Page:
Midcentury modern, period antiques and decorative arts, and contemporary and modern fine art carried Clarke’s November auction with numerous lots exceeding expectations.
The highest selling lot of the sale was a 1969 Paul Evans server that realized $25,200, more than twice the low-end estimate.
An 18th century tazza brought a surprising $13,200 on Sunday afternoon, selling to a bidder on the phone.
This beautiful tapestry sold to a fortunate internet bidder for, $6,600, just below the expected estimate.
Bringing $22,800 at auction, a masterfully executed unidentified 20th century bronze figure sold for more than twice the presale estimate to an in-house bidder.
An oil on canvas by Croatian artist, Ðuro Pulitika brought $5,040, the second highest auction record for the artist. Although Pulitika’s work is seldom traded in the U.S., Clarke also holds the top auction record at $7,200 in its September 2012 auction.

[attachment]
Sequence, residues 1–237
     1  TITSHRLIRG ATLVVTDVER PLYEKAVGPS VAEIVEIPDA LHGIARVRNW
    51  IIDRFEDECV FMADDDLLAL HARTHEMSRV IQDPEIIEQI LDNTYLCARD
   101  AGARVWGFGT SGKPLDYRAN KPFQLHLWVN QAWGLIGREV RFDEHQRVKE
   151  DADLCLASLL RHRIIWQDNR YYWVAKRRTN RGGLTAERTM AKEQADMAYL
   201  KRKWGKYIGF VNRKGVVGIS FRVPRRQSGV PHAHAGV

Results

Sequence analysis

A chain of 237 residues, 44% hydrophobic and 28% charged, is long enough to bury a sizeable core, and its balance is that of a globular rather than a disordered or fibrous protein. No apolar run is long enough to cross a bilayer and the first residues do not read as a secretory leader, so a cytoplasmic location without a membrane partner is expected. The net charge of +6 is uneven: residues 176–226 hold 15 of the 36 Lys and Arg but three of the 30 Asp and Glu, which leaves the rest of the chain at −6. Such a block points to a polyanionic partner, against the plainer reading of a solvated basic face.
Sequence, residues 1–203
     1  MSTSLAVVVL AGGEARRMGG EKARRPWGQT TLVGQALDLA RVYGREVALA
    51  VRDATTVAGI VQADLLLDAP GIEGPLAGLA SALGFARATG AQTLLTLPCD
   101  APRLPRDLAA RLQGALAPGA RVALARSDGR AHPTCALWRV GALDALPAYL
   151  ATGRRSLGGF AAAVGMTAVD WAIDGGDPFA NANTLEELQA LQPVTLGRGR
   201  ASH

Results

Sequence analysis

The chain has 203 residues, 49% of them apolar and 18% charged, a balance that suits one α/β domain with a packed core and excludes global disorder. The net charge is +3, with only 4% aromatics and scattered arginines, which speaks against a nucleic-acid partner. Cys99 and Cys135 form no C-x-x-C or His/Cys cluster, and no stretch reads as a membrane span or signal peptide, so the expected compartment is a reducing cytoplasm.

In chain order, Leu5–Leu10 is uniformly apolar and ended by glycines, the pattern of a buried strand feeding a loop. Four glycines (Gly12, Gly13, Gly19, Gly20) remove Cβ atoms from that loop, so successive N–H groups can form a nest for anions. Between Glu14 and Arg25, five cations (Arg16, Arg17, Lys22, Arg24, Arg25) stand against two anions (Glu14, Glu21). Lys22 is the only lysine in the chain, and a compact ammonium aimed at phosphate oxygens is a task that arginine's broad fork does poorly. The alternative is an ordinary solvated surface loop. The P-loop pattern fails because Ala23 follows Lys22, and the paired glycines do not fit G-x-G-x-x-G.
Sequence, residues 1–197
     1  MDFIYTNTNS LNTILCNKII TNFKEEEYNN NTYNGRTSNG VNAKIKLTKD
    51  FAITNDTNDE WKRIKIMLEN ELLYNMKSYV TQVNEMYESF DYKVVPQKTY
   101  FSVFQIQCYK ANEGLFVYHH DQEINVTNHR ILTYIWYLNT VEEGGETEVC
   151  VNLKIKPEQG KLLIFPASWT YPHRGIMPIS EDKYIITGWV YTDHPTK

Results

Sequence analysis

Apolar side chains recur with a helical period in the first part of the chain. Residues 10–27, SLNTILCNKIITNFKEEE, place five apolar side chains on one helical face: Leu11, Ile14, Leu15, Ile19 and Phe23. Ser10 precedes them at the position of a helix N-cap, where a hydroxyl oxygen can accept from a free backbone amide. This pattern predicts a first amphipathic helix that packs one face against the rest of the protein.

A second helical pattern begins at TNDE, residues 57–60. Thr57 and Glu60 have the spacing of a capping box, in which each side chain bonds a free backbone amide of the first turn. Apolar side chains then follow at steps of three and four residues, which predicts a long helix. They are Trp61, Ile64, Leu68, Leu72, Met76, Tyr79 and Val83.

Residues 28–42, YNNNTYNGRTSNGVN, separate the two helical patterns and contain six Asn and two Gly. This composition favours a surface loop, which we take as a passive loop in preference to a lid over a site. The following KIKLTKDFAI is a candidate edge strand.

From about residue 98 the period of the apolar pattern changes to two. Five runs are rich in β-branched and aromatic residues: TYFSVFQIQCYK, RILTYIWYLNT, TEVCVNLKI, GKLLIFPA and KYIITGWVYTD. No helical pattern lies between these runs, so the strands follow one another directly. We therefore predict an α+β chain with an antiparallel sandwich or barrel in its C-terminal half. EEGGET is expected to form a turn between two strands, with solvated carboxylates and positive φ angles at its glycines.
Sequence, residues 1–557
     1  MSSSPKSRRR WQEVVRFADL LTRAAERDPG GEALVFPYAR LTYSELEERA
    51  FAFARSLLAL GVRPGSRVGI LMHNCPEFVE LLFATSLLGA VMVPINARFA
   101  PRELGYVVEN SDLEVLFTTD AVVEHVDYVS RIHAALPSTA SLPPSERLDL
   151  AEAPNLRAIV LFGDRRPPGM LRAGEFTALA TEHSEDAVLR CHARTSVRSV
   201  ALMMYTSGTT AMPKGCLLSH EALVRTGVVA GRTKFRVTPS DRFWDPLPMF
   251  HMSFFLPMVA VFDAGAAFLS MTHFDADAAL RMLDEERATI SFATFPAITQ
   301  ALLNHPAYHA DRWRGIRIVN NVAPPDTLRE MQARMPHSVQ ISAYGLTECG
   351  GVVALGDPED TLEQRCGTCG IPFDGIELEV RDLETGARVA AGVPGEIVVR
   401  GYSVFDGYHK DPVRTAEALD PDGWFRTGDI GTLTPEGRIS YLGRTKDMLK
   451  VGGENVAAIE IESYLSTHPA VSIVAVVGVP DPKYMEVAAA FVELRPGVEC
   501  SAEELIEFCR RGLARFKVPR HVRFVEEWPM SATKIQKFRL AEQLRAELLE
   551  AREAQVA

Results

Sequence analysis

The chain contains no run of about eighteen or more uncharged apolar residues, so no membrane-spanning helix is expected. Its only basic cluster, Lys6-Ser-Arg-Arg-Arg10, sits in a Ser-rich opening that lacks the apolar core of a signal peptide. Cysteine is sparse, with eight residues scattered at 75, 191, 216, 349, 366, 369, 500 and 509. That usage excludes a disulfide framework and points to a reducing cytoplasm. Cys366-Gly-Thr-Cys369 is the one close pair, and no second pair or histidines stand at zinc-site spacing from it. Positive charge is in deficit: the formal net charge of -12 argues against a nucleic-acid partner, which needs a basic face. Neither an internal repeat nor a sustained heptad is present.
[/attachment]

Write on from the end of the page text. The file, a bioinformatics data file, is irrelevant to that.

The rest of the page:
Selling well above estimate, this set 0f signed and dated Mira Nakashima chairs brought $21,600 at auction.
Estimated to sell between $1,200 and $1,800, this 18th century P. Roussel commode brought an unexpected $4,320 on the 18th.
Falling within the presale estimates, two terracotta bloodhounds by Edward Kemeys sold for a combined $10,800 to a single phone bidder.
One of three large works offered on the 18th by contemporary Italian artist, Morago, sold for $4,080, nearly 4 times the presale estimate.
This 6 midcentury 6 panel screen, later confirmed to be designed by Karl Springer, sold for an outstanding $13,200.